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Coronavirus Bill

Part of the debate – in the Scottish Parliament on 24th March 2020.

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Photo of Anas Sarwar Anas Sarwar Labour

Time is short, so I will be brief. I want to raise some concerns with the minister.

Labour members support the legislation. However, it should be subject to a full review after three months—we should not wait until the end of six months.

Secondly, the minister will have seen that concerns were raised, particularly in England and Wales, about the proposal on forced cremations. I am glad that there has been an amendment to that. Will he give a commitment—a guarantee—that in Scotland there will be no circumstances under which any deceased person will be cremated against their family’s will? Such reassurance would be welcome.

Thirdly, I welcome the food chain emergency liaison group that is part of the legislation, although, as Patrick Harvey has pointed out, it is about communication rather than forcing supply chains to stay open. Will the Scottish Government and Scottish associations be part of that food chain emergency liaison group, to make sure that there is a free flow of supply to Scotland?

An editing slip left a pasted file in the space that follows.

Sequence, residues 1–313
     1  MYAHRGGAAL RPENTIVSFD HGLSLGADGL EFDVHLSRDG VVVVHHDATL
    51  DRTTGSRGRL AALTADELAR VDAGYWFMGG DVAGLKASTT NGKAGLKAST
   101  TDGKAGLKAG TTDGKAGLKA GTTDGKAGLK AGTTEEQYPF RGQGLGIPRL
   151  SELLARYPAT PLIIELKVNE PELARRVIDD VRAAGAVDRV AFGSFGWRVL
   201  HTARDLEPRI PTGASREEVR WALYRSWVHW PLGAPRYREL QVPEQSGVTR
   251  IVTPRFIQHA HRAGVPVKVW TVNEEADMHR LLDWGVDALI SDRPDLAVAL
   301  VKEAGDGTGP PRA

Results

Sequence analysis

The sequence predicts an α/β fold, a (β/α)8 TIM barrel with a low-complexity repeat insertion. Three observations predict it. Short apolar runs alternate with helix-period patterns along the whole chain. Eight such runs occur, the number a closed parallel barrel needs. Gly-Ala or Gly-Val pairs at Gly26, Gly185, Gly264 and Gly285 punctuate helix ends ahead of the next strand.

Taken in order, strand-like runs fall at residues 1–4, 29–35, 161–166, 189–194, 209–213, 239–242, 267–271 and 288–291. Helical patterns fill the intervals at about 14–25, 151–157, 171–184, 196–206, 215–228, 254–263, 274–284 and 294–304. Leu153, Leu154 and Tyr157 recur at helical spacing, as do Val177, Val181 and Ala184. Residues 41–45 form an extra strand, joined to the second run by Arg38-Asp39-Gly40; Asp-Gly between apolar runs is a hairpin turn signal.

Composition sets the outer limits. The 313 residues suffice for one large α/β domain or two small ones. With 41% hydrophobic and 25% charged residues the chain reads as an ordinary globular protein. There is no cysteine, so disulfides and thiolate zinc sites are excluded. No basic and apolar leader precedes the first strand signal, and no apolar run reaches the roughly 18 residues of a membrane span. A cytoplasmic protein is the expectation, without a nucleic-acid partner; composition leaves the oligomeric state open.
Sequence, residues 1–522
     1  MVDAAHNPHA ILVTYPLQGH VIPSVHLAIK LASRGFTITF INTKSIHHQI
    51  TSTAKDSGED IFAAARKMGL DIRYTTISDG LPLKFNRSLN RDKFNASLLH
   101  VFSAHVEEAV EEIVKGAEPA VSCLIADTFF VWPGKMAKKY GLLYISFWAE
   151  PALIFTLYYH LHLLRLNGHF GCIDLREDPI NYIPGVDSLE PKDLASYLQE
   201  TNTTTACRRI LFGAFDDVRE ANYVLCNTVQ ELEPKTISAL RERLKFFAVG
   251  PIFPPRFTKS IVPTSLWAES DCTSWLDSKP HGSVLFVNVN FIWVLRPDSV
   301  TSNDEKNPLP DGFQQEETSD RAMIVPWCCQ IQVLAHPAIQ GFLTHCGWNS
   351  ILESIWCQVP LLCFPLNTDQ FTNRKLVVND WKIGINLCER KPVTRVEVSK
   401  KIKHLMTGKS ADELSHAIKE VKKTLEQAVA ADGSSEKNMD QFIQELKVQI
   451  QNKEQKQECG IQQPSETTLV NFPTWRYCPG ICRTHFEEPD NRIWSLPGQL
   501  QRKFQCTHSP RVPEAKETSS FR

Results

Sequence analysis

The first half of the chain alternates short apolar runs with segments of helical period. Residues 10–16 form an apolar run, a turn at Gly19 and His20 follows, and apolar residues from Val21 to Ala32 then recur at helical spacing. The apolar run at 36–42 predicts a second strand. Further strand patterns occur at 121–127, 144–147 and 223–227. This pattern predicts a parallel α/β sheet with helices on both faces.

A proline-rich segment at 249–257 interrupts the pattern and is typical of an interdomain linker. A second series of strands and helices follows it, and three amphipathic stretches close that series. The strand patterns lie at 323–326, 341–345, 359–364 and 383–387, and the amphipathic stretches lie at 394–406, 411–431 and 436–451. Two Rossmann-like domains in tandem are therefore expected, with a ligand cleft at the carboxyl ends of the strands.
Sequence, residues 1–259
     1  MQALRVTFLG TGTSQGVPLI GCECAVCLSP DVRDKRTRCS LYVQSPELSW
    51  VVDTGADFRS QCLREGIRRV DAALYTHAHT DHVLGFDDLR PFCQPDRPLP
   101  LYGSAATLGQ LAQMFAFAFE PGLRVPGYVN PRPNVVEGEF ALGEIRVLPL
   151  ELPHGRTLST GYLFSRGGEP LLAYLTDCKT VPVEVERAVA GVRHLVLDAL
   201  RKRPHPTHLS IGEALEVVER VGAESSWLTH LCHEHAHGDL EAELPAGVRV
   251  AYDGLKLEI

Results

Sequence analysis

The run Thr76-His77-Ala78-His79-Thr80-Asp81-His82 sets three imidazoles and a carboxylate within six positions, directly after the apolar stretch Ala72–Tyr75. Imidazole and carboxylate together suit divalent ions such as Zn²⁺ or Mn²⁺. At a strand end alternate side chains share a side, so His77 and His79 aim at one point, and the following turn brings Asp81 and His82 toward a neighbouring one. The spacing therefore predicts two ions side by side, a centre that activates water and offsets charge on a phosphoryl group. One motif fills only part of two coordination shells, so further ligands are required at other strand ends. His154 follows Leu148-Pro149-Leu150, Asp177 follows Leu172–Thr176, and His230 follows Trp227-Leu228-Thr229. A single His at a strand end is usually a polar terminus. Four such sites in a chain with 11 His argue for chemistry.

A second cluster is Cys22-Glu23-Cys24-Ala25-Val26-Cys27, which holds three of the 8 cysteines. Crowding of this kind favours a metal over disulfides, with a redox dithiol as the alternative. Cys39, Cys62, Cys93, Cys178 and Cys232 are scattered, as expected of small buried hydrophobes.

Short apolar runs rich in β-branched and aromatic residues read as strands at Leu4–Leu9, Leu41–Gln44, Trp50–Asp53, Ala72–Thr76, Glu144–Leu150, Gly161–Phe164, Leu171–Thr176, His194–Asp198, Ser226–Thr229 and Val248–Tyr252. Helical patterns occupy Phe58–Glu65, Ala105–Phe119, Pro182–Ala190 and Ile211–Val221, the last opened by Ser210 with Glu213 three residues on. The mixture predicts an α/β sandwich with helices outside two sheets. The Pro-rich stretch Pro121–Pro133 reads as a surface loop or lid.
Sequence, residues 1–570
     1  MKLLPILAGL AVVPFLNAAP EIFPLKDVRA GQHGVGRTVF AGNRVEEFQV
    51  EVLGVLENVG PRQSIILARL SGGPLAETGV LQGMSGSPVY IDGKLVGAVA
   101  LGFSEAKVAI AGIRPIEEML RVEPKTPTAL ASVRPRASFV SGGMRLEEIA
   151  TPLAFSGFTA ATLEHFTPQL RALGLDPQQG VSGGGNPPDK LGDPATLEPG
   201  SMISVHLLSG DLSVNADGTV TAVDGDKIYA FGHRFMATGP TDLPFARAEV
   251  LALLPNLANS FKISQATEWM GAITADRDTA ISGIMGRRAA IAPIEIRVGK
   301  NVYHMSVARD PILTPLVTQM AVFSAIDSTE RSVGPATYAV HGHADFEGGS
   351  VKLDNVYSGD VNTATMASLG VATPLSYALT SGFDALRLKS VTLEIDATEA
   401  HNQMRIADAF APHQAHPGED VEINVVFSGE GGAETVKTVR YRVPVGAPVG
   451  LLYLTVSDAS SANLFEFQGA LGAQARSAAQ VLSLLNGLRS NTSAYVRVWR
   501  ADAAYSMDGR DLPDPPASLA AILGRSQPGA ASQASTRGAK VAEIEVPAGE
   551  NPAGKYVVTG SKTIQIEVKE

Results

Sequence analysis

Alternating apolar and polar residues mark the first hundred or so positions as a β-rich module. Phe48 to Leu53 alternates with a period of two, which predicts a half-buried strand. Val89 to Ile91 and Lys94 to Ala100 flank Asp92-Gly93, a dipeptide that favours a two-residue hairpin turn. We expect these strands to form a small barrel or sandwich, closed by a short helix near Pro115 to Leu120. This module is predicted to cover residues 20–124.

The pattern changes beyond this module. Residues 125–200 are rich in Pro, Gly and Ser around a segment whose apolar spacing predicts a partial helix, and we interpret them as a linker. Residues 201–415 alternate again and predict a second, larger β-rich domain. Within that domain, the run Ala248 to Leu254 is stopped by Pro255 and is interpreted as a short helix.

Fourthly, there are issues around human rights in relation to the sectioning of individuals; the Mental Health (Care and Treatment) (Scotland) Act 2003; what is reported to the procurator fiscal when there is a death in an NHS setting; the emergency registration of health workers; and the fast-tracking of Disclosure Scotland applications—and the load that might be put on to all of that. What work is being done to make sure that we safeguard and maintain human rights when we are asking people to do so much more with a smaller workforce? If there is a real increase in the number of applications to Disclosure Scotland, what backup measures have been put in place to make sure that there is enough of a workforce to do that important work so that we can get people on to the front line as quickly as possible?

I note again that we do not want this legislation and that we wish that we did not have to introduce it. However, it is nonetheless important legislation to make sure that we have the right response to this crisis. I hope that—as has been the case until now—we continue to have active dialogue between members of this Parliament and the Scottish Government, and between the Scottish Government and the UK Government, so that if any unintended consequences were to result from the legislation, they could be addressed appropriately.